Day in the life of a farmers’ market vendor

Meet two of the 270 market members
Day in the life of a farmers’ market vendor
Larry Chua
David Nedveck of The Flower Factory

Both Jeff Ford, owner of Cress Spring Bakery, and David Nedveck, co-owner of The Flower Factory, are long-standing members of the Dane County Farmers’ Market. Ford joined as a member in 1996 and Nedveck joined in 1985.

Starting with the first market of the season on the Square until September or October, Nedveck gets up at 3:30 a.m. to start setup around 4:30 a.m. Some vendors travel distances even farther than Nedveck, who travels from Stoughton.

The Flower Factory starts selling its perennial garden plants as soon as Nedveck finishes setting up around 6 a.m. at his spot at the top of Martin Luther King Boulevard across from Starbucks. From then on, he says, it’s nonstop.

“It’s a long day. It’s a lot of talking. It’s a lot of standing, a lot explaining, a lot of questions answered. It’s great fun nonetheless,” Nedveck says.

Ford opens his booth by 6:30 a.m. between Wisconsin Avenue and State Street on Mifflin Street. Cress Spring Bakery, based in Blue Mounds, specializes in sourdough breads and other goodies that don’t use commercial yeast. Not only does he work the farmers’ market, Ford does a fair amount of shopping at the market for Cress Spring’s produce.Day in the life of a farmers’ market vendor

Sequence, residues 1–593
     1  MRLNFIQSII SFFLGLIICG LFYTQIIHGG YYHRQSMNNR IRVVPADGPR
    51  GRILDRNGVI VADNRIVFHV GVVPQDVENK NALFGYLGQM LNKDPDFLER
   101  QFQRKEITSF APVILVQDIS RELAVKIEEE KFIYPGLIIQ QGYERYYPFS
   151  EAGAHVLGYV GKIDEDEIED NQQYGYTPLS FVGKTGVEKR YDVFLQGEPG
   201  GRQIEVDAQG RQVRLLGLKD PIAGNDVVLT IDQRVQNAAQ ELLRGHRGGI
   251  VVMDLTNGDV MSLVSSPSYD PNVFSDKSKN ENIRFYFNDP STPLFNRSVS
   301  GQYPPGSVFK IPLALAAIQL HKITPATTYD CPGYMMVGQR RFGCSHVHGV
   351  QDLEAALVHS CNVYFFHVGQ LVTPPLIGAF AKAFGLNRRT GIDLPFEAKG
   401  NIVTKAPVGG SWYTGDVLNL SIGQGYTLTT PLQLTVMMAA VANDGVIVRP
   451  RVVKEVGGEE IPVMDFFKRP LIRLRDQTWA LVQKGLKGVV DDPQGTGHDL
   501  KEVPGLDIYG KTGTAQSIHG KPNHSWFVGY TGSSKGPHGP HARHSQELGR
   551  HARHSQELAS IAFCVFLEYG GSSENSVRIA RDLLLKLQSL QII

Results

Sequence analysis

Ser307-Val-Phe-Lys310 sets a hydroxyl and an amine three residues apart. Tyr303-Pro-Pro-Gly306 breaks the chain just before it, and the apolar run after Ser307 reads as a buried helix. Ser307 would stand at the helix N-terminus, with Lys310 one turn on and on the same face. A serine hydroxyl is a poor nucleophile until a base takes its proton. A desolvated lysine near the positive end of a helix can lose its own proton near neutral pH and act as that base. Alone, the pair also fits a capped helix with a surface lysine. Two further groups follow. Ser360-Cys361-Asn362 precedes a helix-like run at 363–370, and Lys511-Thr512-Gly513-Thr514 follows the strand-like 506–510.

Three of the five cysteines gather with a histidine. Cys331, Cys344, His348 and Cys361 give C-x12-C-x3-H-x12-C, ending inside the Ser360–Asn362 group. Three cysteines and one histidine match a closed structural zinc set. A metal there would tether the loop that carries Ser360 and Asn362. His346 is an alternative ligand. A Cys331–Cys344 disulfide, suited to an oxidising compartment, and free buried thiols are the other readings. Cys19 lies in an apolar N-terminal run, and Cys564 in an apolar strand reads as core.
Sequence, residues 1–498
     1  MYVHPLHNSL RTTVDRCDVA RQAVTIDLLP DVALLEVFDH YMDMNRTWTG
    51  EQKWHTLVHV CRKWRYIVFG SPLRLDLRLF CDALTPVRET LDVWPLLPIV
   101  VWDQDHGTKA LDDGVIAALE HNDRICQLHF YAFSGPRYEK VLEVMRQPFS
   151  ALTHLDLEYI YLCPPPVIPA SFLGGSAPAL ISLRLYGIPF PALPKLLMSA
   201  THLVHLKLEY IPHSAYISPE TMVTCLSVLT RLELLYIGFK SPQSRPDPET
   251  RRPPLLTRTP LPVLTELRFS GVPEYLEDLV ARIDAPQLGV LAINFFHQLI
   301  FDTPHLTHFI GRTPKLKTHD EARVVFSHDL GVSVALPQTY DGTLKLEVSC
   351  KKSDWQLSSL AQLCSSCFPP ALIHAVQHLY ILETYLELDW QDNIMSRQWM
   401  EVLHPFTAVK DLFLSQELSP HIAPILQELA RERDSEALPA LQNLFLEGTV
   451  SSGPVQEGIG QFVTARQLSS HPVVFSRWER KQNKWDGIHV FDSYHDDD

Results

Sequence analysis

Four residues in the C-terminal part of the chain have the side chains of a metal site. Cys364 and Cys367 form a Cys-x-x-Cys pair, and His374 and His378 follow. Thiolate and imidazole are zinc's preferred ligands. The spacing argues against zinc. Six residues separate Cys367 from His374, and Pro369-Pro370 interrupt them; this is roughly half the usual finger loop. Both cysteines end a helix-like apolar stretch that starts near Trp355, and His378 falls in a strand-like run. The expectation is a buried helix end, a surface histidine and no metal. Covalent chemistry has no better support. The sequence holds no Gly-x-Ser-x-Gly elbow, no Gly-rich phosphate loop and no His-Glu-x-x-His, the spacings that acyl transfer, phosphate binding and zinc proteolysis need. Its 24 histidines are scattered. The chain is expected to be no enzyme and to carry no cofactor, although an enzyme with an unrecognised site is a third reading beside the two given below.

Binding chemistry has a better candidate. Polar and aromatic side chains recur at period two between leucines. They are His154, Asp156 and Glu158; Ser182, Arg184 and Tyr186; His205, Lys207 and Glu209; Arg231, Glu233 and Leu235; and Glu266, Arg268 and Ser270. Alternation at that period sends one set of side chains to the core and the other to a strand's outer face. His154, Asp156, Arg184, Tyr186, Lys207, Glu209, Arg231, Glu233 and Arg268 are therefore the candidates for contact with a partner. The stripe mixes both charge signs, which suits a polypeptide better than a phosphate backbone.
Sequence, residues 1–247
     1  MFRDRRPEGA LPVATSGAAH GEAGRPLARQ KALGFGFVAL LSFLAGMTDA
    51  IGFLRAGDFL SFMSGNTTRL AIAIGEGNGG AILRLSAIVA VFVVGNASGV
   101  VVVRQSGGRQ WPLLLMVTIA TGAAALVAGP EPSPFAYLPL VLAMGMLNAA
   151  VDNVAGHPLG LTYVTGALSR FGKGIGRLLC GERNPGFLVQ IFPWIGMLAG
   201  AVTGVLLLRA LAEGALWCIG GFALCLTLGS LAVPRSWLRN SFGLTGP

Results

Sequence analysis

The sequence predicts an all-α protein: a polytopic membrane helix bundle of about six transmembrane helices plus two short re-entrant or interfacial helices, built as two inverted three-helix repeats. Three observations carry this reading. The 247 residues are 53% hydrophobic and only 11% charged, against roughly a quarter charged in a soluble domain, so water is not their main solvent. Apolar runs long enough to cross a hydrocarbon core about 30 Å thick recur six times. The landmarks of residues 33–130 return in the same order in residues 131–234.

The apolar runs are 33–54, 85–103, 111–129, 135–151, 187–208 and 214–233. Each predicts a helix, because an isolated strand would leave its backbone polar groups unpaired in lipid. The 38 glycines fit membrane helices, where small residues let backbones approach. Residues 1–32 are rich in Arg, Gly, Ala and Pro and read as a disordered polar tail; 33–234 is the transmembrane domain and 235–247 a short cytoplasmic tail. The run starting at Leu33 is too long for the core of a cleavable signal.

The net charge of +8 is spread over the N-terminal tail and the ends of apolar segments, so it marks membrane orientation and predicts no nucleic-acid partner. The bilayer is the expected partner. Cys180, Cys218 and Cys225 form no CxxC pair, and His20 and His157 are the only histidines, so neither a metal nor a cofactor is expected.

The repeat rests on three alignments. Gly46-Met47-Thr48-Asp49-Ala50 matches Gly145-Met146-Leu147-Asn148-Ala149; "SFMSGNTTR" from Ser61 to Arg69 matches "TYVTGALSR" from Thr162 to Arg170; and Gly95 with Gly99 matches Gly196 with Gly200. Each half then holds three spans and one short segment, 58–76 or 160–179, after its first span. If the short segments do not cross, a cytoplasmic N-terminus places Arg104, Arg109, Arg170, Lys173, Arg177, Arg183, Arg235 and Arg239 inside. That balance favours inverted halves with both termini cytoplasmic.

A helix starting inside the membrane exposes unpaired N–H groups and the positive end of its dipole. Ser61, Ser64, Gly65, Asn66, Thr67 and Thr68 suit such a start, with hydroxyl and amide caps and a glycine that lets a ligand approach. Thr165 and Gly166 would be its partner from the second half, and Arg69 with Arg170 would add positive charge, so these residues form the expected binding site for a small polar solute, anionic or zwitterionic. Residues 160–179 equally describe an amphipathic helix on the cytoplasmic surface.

“We have always focused on buying our ingredients as locally as possible,” Ford says. “We’re buying as much as we can from farmers. We’re buying our grains direct from Wisconsin farmers. We’re milling our own flour.”

Nedveck says throughout market day he sees many returning customers who have become “extended family.” He gets insight from his customers, which in turn helps him provide better products, he says. On top of that, customers are guaranteed to get plants that grow well in Wisconsin and a chance to ask growers questions.

“If you ask questions – about this garden plant, what it’s going to do for you, where you should plant it, how you should plant it, what the requirements are and what you’d expect and what you should get from it – you get those answers right then and there,” Nedveck says.

Ford says that over the years, farmers have expanded what’s available year-round. As a Late Winter Market participant, he sees fresh lettuce and spinach among other products that weren’t available years ago. Now, he says cultivating local food networks is incredibly important.

“I think the days of shipping food all over the world and having everything available whenever we want it, it’s a luxury that we won’t be able to afford within a more couple decades. So I think cultivating those sort of local food networks is more important than ever,” Ford says.

To learn more about all 270 members of DCFM, visit